Pregnancies Glucose BloodPressure SkinThickness Insulin BMI \ 0 6 148 72 35 0 33.6 1 1 85 66 29 0 26.6 2 8 183 64 0 0 23.3 3 1 89 66 23 94 28.1 4 0 137 40 35 168 43.1 DiabetesPedigreeFunction Age Outcome 0 0.627 50 1 1 0.351 31 0 2 0.672 32 1 3 0.167 21 0 4 2.288 33 1
The Pandas drop() command means to create a new dataframe by taking an existing dataframe and dropping one or more columns. axis=1 means we are referring to the columns and not the rows (which for Pandas is aka the index).
x = data.drop("Outcome", axis=1)
data[‘Outcome’] is a Pandas Series and not a Pandas dataframe. This means it has one column only, but it still has the index column. np.ravel() will flatten that to an array.
The standard procedure is to take the input data and create training and test datasets by splitting them by some amount. Here we pick 50%.
- Training datasets are used to train the model.
- Test datasets are used to make predictions based on that trained model.
We use x and y since the familiar equation for a line y = mx + b. For machine learning y is a vector and m and x are matrices, meaning an n-dimensional vector. b is bias, which is a single real number.
x_train, x_test, y_train, y_test = train_test_split(x,y, test_size = 0.5, random_state=50)
Now we normalize the data. Basically, this calculates the value (( x – μ) / δ ) where μ is the mean and δ is the standard deviation. This puts all the features on the same scale, which is a regular machine learning practice. In other words, it makes large numbers small so that all the numbers are about the same size.
from sklearn.preprocessing import StandardScaler scaler = StandardScaler().fit(x_train) x_train = scaler.transform(x_train) x_test = scaler.transform(x_test)
First, we declare the model. We are using a support vector machine.
from sklearn.svm import SVC svc_model = SVC()
Then we train it: it’s that simple when you use scikit-learn. There’s no other data manipulation required.
The fit() function responds with this information.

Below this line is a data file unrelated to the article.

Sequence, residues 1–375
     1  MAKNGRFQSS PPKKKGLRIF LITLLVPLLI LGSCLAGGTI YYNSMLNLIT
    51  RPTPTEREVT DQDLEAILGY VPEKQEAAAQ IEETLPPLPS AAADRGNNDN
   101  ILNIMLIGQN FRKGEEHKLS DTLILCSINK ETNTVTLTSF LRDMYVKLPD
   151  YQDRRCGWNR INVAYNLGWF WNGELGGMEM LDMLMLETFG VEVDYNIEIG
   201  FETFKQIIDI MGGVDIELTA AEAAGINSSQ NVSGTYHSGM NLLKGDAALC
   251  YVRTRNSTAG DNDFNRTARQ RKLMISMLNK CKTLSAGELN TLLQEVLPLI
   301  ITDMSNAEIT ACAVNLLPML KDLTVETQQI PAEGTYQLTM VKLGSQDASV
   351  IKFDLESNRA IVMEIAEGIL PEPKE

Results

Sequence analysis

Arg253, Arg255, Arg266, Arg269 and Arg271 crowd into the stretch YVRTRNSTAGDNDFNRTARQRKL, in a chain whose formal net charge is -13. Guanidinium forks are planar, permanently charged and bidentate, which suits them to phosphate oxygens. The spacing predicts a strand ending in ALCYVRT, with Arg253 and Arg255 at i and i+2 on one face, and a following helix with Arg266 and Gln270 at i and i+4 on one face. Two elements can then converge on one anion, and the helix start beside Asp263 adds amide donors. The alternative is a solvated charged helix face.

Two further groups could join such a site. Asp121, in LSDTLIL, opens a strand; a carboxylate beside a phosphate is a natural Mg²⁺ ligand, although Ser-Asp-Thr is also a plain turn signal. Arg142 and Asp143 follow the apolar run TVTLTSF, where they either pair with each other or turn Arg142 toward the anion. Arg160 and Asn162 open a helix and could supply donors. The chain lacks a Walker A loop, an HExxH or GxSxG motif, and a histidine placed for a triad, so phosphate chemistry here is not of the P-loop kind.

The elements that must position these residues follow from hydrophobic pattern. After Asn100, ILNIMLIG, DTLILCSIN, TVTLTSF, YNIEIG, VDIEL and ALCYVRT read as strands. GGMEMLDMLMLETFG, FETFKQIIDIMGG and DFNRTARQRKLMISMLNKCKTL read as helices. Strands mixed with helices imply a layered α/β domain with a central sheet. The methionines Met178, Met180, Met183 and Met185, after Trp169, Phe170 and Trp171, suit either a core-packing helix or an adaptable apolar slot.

SVC(C=1.0, cache_size=200, class_weight=None, coef0=0.0, decision_function_shape='ovr', degree=3, gamma='auto_deprecated', kernel='rbf', max_iter=-1, probability=False, random_state=None, shrinking=True, tol=0.001, verbose=False)
Now we use the test data to create predictions.
y_predict = svc_model.predict(x_test)
Then we show how accurate those predictions are by creating what is called a confusion matrix. This is a visual way to see how many times the model was right versus how many times it was incorrect.
from sklearn.metrics import classification_report, confusion_matrix cm = np.array(confusion_matrix(y_test, y_predict, labels=[0,1])) confusion = pd.DataFrame(cm, index=['Diabetic', 'Not Diabetic'], columns=['Predicted Diabetes', 'Predicted Healthy'])
Predicted Diabetes Predicted Healthy Diabetic 225 23 Not Diabetic 68 68
It’s a little difficult to understand that display at first, so think of it like this:
Diabetic (Outcome = 1) True positive. Patient is diabetic and model correctly predicted that. False positive. Patient was not diabetic but model said patient was diabetic. Not Diabetic (Outcome = 0) False positive. Patient was not diabetic, but model said patient was diabetic. True negative, patient not diabetic and model predicted that.
Here is a graphical way to show the same results using the powerful Seaborn extension to Matplotlib:
The classification report prints a summary of the model, showing a 77% precision. This means our model accurately predicts diabetes 77% of the time.
precision recall f1-score support 0 0.77 0.91 0.83 248 1 0.75 0.50 0.60 136 micro avg 0.76 0.76 0.76 384 macro avg 0.76 0.70 0.72 384 weighted avg 0.76 0.76 0.75 384
The results were nearly the same as when we used Keras as a neural network.
These postings are my own and do not necessarily represent BMC's position, strategies, or opinion.